Downy woodpeckers are the the smallest of all woodpeckers. Their plumage is a mix of black and white. Both male and females have a white upper back chest and lower tail feathers. Their wings, lower back and upper tail feathers are black with white spots. Their heads have thick black and white stripes. Male downy woodpeckers have a red patch on their head. Juveniles have more of a red cap. As you can see from the photo, female downy woodpeckers don’t have either. Downy woodpeckers found in West Washington, have more of a tannish color instead of white, which East Washington downy woodpeckers have. female downy male downy woodpecker Female downy Male downy woodpecker woodpecker Fast Facts Downy woodpeckers range from 14 cm -18 cm (5.5 in-7.1 in) in length. Their wingspan ranges from 25 cm-31 cm (9.8 in-12 in) in length. They live about 6 years. The downy Woodpecker-Description
Downy woodpeckers typically inhabit broadleaved and mixed forests especially those with black cotton wood and willow. They are also found in residential areas, along rivers, by streams, in orchards, cities and parks. Downy wood peckers are permanent residents in most places. Sometimes the northern downy woodpeckers move south or to a lower elevation, but not usually. They are common and are wide spread throughout Washington. Fast Facts There are three different recognized sub-species of downy woodpeckers. 1. Those found in eastern Washington 2. Those found along the eastern slopes of the cascades 3. Those found in western Washington. The Downy Woodpecker-Range and Habitat
Downy woodpeckers mainly eat insectslikeants, beetle larvae and caterpillars. They also feed on berries, nuts and grains. Downy woodpeckers are common at bird feeders and are occasionally found at at humming bird feeders. The Downy Woodpecker-Diet This is a male downy wood pecker eating a grub.
Nest placement Downy woodpeckers nest in dead trees of dead parts of live trees. They tend to choose a small stub (about 7 in in diameter) and place the entrance on the underside. Nest description Bothmale and female downy woodpeckers carve out the inside of the chosen tree or branch to make a cavity about the size of a football (6-12 in deep). This job takes about 1-3 week. The cavity widens toward the bottom to make room for the eggs (and the parents) The bottom is lined with woodchips. Downy woodpeckers sometimes camouflage the entrance of their nest with lichen or moss. Nesting facts Clutch size-3-8 eggs Egg length- 0.7-0.8 in (1.9-2 cm) Egg width- 0.6-0.6 in (1.4-1.5 cm) Incubation period-12 days Nesting period-18-21 days Egg description-pure white Condition at birth- naked pink skin, a sharp egg tooth (for breaking egg shell.) at tip of bill, eyes closed. The Downy Woodpecker-Nesting Habits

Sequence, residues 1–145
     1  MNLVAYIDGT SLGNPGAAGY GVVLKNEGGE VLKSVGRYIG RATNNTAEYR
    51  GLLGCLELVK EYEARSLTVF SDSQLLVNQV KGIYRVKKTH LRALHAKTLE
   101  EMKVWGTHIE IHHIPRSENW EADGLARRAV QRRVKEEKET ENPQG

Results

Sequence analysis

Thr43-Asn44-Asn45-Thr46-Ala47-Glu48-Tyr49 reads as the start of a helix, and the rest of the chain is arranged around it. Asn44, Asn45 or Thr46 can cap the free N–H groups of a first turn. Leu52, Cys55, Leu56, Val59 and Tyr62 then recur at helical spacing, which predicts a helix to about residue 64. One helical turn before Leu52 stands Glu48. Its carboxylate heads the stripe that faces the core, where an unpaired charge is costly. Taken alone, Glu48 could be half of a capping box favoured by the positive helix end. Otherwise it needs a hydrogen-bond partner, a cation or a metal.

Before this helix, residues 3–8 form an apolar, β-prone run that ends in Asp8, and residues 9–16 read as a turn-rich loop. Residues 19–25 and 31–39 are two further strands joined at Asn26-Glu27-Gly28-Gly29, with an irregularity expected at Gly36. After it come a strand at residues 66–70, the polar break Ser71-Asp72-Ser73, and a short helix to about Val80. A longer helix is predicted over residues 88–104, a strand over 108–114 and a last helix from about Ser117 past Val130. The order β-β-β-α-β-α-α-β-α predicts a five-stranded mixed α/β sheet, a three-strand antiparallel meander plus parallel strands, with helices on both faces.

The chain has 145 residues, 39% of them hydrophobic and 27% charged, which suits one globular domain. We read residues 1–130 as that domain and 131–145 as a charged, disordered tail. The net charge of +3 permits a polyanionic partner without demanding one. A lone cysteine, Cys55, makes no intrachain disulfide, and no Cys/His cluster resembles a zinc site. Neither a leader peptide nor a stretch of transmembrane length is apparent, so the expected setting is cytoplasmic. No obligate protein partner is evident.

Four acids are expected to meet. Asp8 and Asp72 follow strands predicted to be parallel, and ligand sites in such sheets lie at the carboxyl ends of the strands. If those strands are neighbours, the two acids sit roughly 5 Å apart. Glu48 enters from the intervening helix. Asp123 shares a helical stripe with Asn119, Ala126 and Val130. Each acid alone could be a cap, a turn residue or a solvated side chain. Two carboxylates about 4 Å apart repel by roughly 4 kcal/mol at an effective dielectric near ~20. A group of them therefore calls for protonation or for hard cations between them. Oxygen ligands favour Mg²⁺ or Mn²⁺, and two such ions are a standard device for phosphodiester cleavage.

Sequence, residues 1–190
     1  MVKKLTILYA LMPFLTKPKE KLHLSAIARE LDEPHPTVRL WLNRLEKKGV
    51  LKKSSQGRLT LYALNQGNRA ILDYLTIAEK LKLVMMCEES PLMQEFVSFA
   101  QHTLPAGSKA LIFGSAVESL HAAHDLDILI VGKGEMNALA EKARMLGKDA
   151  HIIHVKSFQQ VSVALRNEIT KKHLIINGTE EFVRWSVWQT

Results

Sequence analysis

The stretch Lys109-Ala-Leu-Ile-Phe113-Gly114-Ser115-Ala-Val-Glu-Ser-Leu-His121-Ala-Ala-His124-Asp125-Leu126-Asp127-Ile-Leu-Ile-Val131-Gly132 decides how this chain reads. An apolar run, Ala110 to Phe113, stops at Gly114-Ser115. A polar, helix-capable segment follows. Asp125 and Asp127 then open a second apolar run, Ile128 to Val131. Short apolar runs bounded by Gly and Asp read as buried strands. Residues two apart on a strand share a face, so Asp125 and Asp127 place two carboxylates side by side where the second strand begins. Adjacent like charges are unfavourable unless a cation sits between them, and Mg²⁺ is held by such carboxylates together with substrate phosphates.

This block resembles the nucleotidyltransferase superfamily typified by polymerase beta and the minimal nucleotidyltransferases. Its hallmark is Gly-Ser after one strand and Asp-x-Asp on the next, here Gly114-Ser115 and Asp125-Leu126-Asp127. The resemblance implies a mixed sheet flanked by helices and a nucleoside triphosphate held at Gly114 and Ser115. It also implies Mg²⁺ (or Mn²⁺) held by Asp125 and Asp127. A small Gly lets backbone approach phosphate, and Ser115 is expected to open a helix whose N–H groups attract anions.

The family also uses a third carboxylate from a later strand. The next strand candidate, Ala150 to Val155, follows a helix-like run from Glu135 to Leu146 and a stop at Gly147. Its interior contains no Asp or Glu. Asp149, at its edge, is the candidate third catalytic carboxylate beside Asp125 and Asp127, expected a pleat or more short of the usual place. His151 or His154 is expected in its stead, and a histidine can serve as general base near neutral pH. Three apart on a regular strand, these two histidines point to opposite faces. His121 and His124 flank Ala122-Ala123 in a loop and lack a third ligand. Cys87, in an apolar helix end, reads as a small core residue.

The Downy Woodpecker-Natural and Human Threats Natural and human threats How we can help Downy woodpeckers are very abundant and have very few threats. There conservation status is of the least concern. The shift from wooden to metal fence posts may have reduced their numbers, but not much else has. You can help downy Woodpeckers by, • Leave out birdfeeders • Planting trees around your neighborhood • Don’t cut down dead trees! Leave them so downy woodpeckers (and other birds) can nest in them.
There are many Native American stories about woodpeckers. Woodpeckers are a symbol of wisdom and perseverance. Male downy woodpecker’s red patches on their heads are said to be a badge of courage and are the Native American symbol for bravery. They are also considered to be lucky birds. Fast Facts Woodpeckers are important clan crest for northern tribes. They are also sometimes found on totem poles. some Californian tribes consider woodpeckers as medicine birds • Woodpecker stories • The Story of The Maple Tree • - Lenape folklore about a woodpecker and a maple tree helping each other • When Coyote imitated the woodpecker • - Caddo tribe legend about coyote imitating the woodpecker • The Legend of the woodpecker • - An Odawa Indian story about woodpeckers • Master Rabbit and the Woodpeckers • -Mi’kmaq legend about a rabbit trying (and failing) • to imatate the woodpecker The Downy Woodpecker-Cultural Importance
Bibliography • Boring, Mel, and Linda Garrow. "Downy Woodpeckers." Birds, Nests, and Eggs. Milwaukee, WI: Gareth Stevens, 1998. N. pag. Print. • "Common Birds of the Pacific Northwest." Rainier Audubon Society. N.p., n.d. Web. 21 May 2013. • Cornell Lab of Ornithology. Cornell University, n.d. Web. 21 May 2013 • "Distribution of Downy Woodpecker." Birdzilla.com. N.p., n.d. Web. 22 May 2013. Website • "Downy Woodpecker." All About Birds. Cornell University, n.d. Web. 21 May 2013 • "Downy Woodpecker." Bird Web. Seattle Audubon Society, n.d. Web. 22 May 2013 • "Downy Woodpecker." Wikipedia. N.p., n.d. Web. 22 May 2013 • Mann, Charly. "The Downy Woodpecker - A Symbol for Courage." Oklahoma Birds and Butterflies. N.p., n.d. Web. 22 May 2013 • "Native American Woodpecker Mythology." Native American Indian Woodpecker Legends, Meaning and Symbolism from the Myths of Many Tribes. N.p., n.d. Web. 22 May 2013. • "Weeks Bay Reserve Foundation Photo Album -Woodpecker Photos." Weeks Bay Reserve Foundation. N.p., n.d. Web. 22 May 2013. • "Woodpecker Medicine." Woodpecker Medicine. N.p., n.d. Web. 22 May 2013.